Two New Kindle Books Count Down 100 Greatest Metal Tunes And 100 Greatest Punk Tunes
April 28, 2023, 8 months ago
Over the years, journalists and authors have attempted to compile lists of the greatest metal songs of all-time. And now, it’s time for yours truly to offer his own list. As the first-ever release of the ‘Greg Prato Presents’ Kindle series, I present to you The 100 Greatest Songs of Heavy Metal. The set-up is simple – each entry contains background about the song (and what makes it stand out from the pack), a quote from either the artist or a renowned admirer, a recommendation of three other standout tunes from the artist, and a link to listen to the song. Below are 5 excerpts from the book, as well as a sneak peek into the second entry in the ‘Greg Prato Presents’ Kindle series – The 100 Greatest Songs of Punk Rock.
Blue Öyster Cult - "Godzilla" (Spectres, 1977)
Along with King Kong, Godzilla was one of the heaviest and most mammoth beasts in cinema for many years. So…what better subject to be immortalized in song by Blue Öyster Cult! Although BÖC had been known to get quite poetic with their lyrics up this point (due to affiliations with Patti Smith, Richard Meltzer, and Sandy Pearlman), the song’s author – singer/guitarist Buck Dharma – goes the satirical route. But I bet David St. Hubbins and Nigel Tufnel were still jealous…
“The original idea for the song came from Patti Smith. She wrote a poem where the ending had the words, ‘Zilla god Zilla god.’ Don Roeser [aka Buck Dharma] called her up and they planned on writing a track together based on that idea. However, Patti was just about to go out on a small tour so it would have to wait a month or so before she could help him with it. Don couldn’t wait and wrote the track all by himself. When we were recording it, Don suggested the beat that I used for most of the song. It was extremely syncopated with beats falling in strange and goofy ways. Maybe because of the lighthearted approach to the subject it was never used in any of the many Godzilla movies that came out until 2019 – when Bear McCreary used a new version during the ending credits of Godzilla: King of the Monsters. Although quite popular with the fans and critics, it was never a hit. It was released four separate times by Columbia but failed each time to make the charts.” --Albert Bouchard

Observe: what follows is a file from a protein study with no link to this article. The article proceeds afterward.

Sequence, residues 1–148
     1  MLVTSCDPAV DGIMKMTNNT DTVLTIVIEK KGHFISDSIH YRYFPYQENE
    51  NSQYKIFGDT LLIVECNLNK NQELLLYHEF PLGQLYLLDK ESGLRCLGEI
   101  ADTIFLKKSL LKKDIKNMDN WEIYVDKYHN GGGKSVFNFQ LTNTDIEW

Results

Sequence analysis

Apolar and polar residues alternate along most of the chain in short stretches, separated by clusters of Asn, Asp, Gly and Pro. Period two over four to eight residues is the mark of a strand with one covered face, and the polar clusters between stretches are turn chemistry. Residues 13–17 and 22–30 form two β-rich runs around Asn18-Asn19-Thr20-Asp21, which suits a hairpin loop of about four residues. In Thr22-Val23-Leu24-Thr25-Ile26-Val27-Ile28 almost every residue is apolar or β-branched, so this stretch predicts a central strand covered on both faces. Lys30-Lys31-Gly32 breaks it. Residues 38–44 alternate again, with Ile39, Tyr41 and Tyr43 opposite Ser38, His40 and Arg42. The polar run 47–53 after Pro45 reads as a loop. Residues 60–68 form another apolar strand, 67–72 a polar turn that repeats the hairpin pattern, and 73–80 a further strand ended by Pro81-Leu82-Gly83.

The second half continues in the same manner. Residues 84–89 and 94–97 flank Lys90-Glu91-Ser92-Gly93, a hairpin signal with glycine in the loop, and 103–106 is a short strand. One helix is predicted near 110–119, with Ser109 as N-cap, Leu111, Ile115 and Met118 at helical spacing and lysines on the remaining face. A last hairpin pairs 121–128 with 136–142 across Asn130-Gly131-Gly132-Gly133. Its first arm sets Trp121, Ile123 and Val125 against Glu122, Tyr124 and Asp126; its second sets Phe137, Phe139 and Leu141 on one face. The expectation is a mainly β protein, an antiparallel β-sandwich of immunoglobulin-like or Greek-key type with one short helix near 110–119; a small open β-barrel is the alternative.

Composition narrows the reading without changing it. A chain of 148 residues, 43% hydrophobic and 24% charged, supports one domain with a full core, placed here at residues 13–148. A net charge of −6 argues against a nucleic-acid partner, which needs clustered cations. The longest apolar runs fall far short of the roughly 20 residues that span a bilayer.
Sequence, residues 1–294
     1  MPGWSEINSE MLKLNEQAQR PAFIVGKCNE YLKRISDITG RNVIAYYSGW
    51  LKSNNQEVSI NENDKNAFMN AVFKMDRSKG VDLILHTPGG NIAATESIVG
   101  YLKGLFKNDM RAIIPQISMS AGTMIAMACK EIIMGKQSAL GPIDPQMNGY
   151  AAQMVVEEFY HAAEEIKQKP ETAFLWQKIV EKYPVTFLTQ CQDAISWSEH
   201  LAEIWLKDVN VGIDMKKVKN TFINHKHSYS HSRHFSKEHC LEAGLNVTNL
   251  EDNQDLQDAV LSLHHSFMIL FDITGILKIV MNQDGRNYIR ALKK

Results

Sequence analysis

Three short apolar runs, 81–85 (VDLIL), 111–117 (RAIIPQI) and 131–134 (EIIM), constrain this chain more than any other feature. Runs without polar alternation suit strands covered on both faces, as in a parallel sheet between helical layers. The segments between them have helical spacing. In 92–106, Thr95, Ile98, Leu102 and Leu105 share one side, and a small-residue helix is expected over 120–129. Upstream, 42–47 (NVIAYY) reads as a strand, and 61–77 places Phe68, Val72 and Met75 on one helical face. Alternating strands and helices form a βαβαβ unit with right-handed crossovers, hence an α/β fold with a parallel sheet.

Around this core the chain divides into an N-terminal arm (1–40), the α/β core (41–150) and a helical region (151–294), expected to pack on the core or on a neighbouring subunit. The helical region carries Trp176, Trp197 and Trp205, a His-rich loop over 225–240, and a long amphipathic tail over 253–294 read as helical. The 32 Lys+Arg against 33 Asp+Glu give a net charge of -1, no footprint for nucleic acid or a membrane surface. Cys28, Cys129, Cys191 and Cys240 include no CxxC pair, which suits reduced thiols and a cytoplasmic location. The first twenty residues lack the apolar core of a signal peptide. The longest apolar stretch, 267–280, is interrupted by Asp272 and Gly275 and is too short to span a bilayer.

Dig Deeper: “(Don’t Fear) The Reaper,” “Cities On Flame With Rock And Roll,” “Burnin’ For You”
Riot - "Swords And Tequila" (Fire Down Under, 1981)
Although they hailed from New York City, Riot (no, not Quiet Riot) could have passed for a New Wave of British Heavy Metal band if you were to compare their 1981 offering, Fire Down Under, with the then-current releases by Iron Maiden, Saxon, and Diamond Head. On their third album overall, Fire Down Under, the lead-off track “Swords and Tequila” (I know, a peculiar title…but then again, this is a band who chose a bloody baby seal face as their mascot on album covers early on!) matched up well to the aforementioned bands’ top tunes – with a similar lean and mean metal attack. Unfortunately, the band was dealt a significant blow when singer Guy Speranza opted to jump ship after this album (and sadly passing away in 2003 at the age of 47).
“Riot’s album Fire Down Under remains one of the great ‘under the radar’ hard rock classics of all-time. Those that know, know. It is a top to bottom masterpiece. The playing, the songs, the very live sound of the album. Just amazing and still holds up. ‘Swords and Tequila’ is very much the centerpiece of the album and it’s an opener that sets the tone. It always sounds amazing and sets the table for a pretty much perfect album.” --Eddie Trunk
Dig Deeper: “Fire Down Under,” “Outlaw,” “Restless Breed”
Iron Maiden - "Phantom Of The Opera" (Iron Maiden, 1980)